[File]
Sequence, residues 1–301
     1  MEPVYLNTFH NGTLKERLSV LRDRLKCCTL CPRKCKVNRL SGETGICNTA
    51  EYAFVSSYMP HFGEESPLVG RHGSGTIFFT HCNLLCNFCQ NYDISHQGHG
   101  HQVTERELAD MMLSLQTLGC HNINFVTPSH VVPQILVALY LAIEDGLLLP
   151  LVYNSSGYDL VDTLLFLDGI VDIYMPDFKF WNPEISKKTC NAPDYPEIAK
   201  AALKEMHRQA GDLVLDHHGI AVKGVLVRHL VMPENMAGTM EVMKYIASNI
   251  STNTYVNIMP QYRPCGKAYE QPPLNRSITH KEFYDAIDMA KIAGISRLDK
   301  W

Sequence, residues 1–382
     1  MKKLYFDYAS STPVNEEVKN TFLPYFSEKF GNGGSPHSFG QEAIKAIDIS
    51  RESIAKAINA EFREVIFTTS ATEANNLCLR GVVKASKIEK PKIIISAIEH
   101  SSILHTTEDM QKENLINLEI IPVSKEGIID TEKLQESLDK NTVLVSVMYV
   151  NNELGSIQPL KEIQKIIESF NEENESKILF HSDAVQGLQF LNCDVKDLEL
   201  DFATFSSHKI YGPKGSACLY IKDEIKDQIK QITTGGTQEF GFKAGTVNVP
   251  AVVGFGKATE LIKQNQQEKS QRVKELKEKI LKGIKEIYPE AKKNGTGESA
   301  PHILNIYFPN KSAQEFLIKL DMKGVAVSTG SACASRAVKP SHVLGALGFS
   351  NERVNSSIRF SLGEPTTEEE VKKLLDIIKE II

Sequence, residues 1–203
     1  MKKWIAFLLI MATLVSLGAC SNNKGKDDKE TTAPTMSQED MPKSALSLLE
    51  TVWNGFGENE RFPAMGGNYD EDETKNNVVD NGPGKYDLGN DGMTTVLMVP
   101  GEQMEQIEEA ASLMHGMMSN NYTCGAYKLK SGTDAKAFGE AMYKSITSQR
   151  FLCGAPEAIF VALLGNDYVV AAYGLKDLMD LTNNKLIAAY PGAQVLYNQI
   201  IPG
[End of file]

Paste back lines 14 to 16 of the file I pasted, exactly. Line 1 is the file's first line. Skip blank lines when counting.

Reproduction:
   201  DFATFSSHKI YGPKGSACLY IKDEIKDQIK QITTGGTQEF GFKAGTVNVP
   251  AVVGFGKATE LIKQNQQEKS QRVKELKEKI LKGIKEIYPE AKKNGTGESA
   301  PHILNIYFPN KSAQEFLIKL DMKGVAVSTG SACASRAVKP SHVLGALGFS